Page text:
It's nice, even without a lake

The Baltimore Sun

The only thing missing from Owings Mills New Town is the lake.

Back in the 1980s, the developers' vision for the newly designated growth area in Owings Mills included a man-made lake. When an Army Corps of Engineers study concluded the lake would have a negative environmental impact, not only did it cancel plans for the lake, it also killed the community's original name: Lakeside. However, the central road through the area had already been dedicated, so today New Town residents traverse Lakeside Boulevard to get to their homes and to visit shops.

With new parks, new schools, new restaurants and thousands of new residents, New Town still seems new more than a decade later. That's partly because the community continues to grow rapidly. The area, located about 20 miles northwest of downtown Baltimore, frequently draws residents who work at large employers nearby, including Blue Cross and Blue Shield and T. Rowe Price.

"It's kind of a young area, family-oriented, with lots of amenities," says Pam Wilks, a real estate agent at Long & Foster's New Town Office. "It has good shopping, dining, walking trails and lots of activities for children. It's a great mixed community."

Housing stock --The housing stock offers much variety with most of the homes built within the last decade or so. Some detached single-family homes are available, but the majority of properties are townhouses and condos.

Wilks says most of the houses in Owings Mills New Town typically sell for $300,000 to $500,000. Condos go for prices in the $200,000 range.

New residential developments continue to emerge nearby. Ryan Homes is building the Esplanade at Red Run, a community of garage condominiums starting at about $250,000 and located just a couple of miles outside New Town.

Rentals --Several apartment complexes are along Lakeside Boulevard. In addition, single-family houses, such as townhouses, often are rented out by homeowners. Monthly rents are $1,400 to $2,000 for a two-bedroom condo or a three-bedroom townhouse, according to Wilks.

Schools --New Town Elementary, Deer Park Middle Magnet and New Town High School serve students in Owings Mills New Town. New Town Elementary and New Town High have met the state's Adequate Yearly Progress, which is used to track academic achievement and make accountability decisions. However, Deer Park Middle failed to meet state proficiency levels in mathematics.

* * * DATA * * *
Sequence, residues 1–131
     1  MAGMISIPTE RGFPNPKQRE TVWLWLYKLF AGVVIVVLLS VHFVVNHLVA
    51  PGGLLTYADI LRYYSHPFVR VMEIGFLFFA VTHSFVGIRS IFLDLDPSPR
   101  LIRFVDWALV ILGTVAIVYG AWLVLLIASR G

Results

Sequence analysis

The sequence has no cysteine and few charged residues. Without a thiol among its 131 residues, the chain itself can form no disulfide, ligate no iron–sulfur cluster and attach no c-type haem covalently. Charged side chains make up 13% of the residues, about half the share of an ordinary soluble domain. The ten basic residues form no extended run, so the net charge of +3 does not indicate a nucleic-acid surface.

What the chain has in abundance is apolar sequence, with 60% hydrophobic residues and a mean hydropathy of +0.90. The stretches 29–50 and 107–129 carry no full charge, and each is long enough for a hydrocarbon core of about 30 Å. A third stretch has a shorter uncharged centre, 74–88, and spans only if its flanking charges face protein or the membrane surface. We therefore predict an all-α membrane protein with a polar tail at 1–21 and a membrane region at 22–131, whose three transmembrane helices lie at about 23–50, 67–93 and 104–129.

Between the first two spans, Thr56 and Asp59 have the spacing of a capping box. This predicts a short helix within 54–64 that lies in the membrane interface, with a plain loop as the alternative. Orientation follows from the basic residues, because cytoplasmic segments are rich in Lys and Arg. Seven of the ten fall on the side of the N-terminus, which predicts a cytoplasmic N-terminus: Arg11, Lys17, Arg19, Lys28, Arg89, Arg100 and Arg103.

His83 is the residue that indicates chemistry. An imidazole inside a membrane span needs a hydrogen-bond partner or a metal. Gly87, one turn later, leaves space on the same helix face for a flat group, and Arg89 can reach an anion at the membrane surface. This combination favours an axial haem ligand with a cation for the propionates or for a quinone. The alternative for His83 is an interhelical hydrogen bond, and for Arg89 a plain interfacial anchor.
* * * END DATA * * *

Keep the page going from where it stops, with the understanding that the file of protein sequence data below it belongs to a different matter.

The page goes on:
Crime --"Basically, it is a very safe place in which to live in the county," says Bill Toohey, spokesman for the Baltimore County Police Department. When occasional issues have popped up, such as street crime, they have been met with "specific initiatives that target those problems with aggressive enforcement," says Toohey.

Transportation --Owings Mills New Town has easy access to Interstate 695 for city commuters, as well as convenient access to I-795 for those who commute to nearby Carroll County.

"A lot of people who transfer to Maryland come to Owings Mills because of the options for commuting," says Wilks.

Public transportation includes the Metro, which runs between Owings Mills and downtown. A new parking garage, part of the Metro Centre at Owings Mills development, opened last year for residents who use the Metro. Several bus routes serve the Owings Mills area.

Shopping --Two plazas along Lakeside Boulevard, New Town Village Center and Brookside Commons, offer convenient shops within walking distance for residents. The Owings Mills Town Center mall is a short drive or a long walk away.

Located within a few miles is the planned Metro Centre at Owings Mills, currently under construction, which calls for a mix of residential, retail, restaurants and a community college and library.

Dining in --Giant Foods at New Town Village Center is the largest grocery store in the neighborhood and within walking distance for many residents. Food Lion is a short drive away.

Dining out --Within the community, there are several options, including sandwiches, pizza and Italian and Chinese fare. The restaurant park near the mall offers several chains and a variety of menus, including seafood, burgers, Mexican and barbecue.

Nightlife --In this family-centered area, nightlife options are few, but include a movie theater at the mall. Restaurant bars near the mall are also popular. Otherwise, residents can head to the city or hangouts along Reisterstown Road.

Parks and recreation --The neighborhood is near Soldiers Delight Park, which offers hiking trails, and Northwest Regional Park, which offers athletic fields, picnic pavilions and walking paths. Northwest Regional Park is also home to the Ravens training facility. Residents of New Town have access to a pool and tennis courts within the community. During the summer months, movies are shown outdoors at the Village Center.



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103** * Information courtesy of Pam Wilks of the Long & Foster New Town Office, Owings Mills. **Information based on sales in 2007 for the entire ZIP code, compiled by Metropolitan Regional Information Systems Inc.

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